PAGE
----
WND column

The Dire Sign of Dubai

In 2007, the international financial elite knew very well that there were serious problems with the world’s largest banks. Perfectly good loans were being called, long-standing corporate relationships were being cast aside for short-term benefit and there was a palpable perception of something wicked on its way. While news of the so-called credit crunch was duly reported by all the major newspapers, few outside the financial world had any idea that consequences such as the meltdown of 2008 were rapidly approaching.

But if you knew what to look for, it was fairly obvious that something big and ugly was developing, which was why I wrote that “the United States was fast approaching an interesting juncture” in my WND column published March 24, 2008. In a similar manner, what appears to be the minor matter of a Dubai-based corporation requesting a six-month moratorium on its debt payments looks very much like a warning that the next stage in the global financial crisis will be upon us soon.

UPDATE – Karl Denninger notes the irony of an Arab government being more free market-oriented than the USA:

Dubai’s government said it hasn’t guaranteed the debt of Dubai World, the state-controlled holding company struggling with $59 billion in liabilities, and that creditors must help it restructure.

“The company received financing based on its project schedule, not a government guarantee,” Abdulrahman Al Saleh, director general of the emirate’s Department of Finance, said in an interview with Dubai TV, when asked whether the government was backing the debt. “Lenders should bear part of the responsibility.”

NO evidence for global warming

Perhaps in part due to my respect for actual science, I find most scientists to be contemptible. But this news exceeds even my cynically low expectations of the charlatans. Is throwing out the original data really the scientific norm these days? Because I can testify that game developers, engineers, and computer programmers are all significantly more rigorous about protecting and saving their legacy information.

SCIENTISTS at the University of East Anglia (UEA) have admitted throwing away much of the raw temperature data on which their predictions of global warming are based. It means that other academics are not able to check basic calculations said to show a long-term rise in temperature over the past 150 years. The UEA’s Climatic Research Unit (CRU) was forced to reveal the loss following requests for the data under Freedom of Information legislation….

The CRU is the world’s leading centre for reconstructing past climate and temperatures. Climate change sceptics have long been keen to examine exactly how its data were compiled. That is now impossible.

Hang on… until yesterday, weren’t the CRU scientists claiming they weren’t providing the data because they had obtained it from various governmental organizations who held the rights to it and they had no permission to release it to the public? Was Real Climate deceived by the CRU or was Real Climate lying when they wrote the following on November 23, 2009: CRU data accessibility. From the date of the first FOI request to CRU (in 2007), it has been made abundantly clear that the main impediment to releasing the whole CRU archive is the small % of it that was given to CRU on the understanding it wouldn’t be passed on to third parties.”

This is more than a smoking howitzer, it’s a meganuke that would – in a rational world of genuine science – blow away the AGW/CC charade permanently. It also proves that scientists should always be regarded as shady con men unless and until the scientific evidence they produce in support of their hypotheses indicates otherwise. Needless to say, all of “the value-added (quality controlled and homogenised) data” should immediately join the original data in the trash Every so-called “scientist” at the CRU who was involved with this fraud should be immediately fired. And those who stole taxpayer money on the basis of the scam should be prosecuted, along with those who junked the data if they did so – as suggested in the CRU emails – in response to a Freedom of Information Act request.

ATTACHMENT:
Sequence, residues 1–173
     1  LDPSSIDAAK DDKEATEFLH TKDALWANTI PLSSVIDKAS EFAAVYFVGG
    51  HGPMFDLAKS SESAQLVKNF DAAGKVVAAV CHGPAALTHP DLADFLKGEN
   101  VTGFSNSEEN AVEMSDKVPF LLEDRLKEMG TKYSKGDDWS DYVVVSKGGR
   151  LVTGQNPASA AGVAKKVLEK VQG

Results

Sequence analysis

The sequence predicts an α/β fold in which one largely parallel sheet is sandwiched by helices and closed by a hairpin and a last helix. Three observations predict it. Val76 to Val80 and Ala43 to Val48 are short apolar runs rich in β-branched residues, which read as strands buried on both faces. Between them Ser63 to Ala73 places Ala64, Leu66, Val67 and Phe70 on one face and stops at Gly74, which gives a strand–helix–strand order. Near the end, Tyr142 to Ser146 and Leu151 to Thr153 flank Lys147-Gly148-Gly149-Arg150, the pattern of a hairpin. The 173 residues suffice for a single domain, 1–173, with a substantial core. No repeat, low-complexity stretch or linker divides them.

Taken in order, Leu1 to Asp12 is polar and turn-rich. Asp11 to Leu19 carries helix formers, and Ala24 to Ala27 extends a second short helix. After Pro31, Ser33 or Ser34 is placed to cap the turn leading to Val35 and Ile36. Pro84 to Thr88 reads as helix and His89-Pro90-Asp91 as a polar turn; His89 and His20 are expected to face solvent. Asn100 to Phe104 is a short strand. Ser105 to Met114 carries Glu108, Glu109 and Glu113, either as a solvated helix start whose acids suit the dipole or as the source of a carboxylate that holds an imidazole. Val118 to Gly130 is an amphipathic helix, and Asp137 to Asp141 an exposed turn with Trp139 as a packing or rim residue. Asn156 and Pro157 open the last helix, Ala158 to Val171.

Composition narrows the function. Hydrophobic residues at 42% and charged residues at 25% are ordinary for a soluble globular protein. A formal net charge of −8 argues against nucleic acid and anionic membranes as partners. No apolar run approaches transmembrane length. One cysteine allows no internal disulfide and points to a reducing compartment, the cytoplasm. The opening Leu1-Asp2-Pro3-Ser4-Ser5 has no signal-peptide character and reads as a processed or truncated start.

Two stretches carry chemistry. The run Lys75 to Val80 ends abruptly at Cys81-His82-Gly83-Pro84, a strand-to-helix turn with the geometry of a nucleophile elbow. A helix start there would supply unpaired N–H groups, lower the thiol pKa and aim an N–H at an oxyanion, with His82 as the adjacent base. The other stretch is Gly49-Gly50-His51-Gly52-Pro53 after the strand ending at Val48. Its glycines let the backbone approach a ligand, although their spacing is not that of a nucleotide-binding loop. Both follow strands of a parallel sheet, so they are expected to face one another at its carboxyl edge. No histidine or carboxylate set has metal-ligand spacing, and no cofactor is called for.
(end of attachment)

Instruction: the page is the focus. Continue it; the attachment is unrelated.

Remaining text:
Score yet another one for the scientific skeptic. Never place any trust in an expert who can’t explain himself to your satisfaction. Especially when he’s asking you for money.

VPFL Week 11

93 Judean Front (9-2)
35 Winston Reverends (5-6)

93 Alamo City Spartans (8-3)
51 Greenfield Grizzlies (4-7)

71 Bane Silvers (6-5)
48 Black Mouth Curs (4-7)

68 Mounds View Meerkats (6-5)
55 Burns Redbeards (3-8)

82 Masonville Marauders (5-6)
99 Valders Valkyries (5-6)

Vikes are a bit banged up, but this is when having the best backup RB in the league comes in handy. I hope Chilly has the good sense to keep AD on the bench, let him get healthy, and ride Chester Taylor to a win over a collapsing Chicago team.

“Hopelessly compromised”

The mainstream European media is finally getting around to covering Climategate and reaching the obvious conclusion: this is “the worst scientific scandal of our generation”.

Back in 2006, when the eminent US statistician Professor Edward Wegman produced an expert report for the US Congress vindicating Steve McIntyre’s demolition of the “hockey stick”, he excoriated the way in which this same “tightly knit group” of academics seemed only too keen to collaborate with each other and to “peer review” each other’s papers in order to dominate the findings of those IPCC reports on which much of the future of the US and world economy may hang. In light of the latest revelations, it now seems even more evident that these men have been failing to uphold those principles which lie at the heart of genuine scientific enquiry and debate. Already one respected US climate scientist, Dr Eduardo Zorita, has called for Dr Mann and Dr Jones to be barred from any further participation in the IPCC. Even our own George Monbiot, horrified at finding how he has been betrayed by the supposed experts he has been revering and citing for so long, has called for Dr Jones to step down as head of the CRU.

Our hopelessly compromised scientific establishment cannot be allowed to get away with a whitewash of what has become the greatest scientific scandal of our age.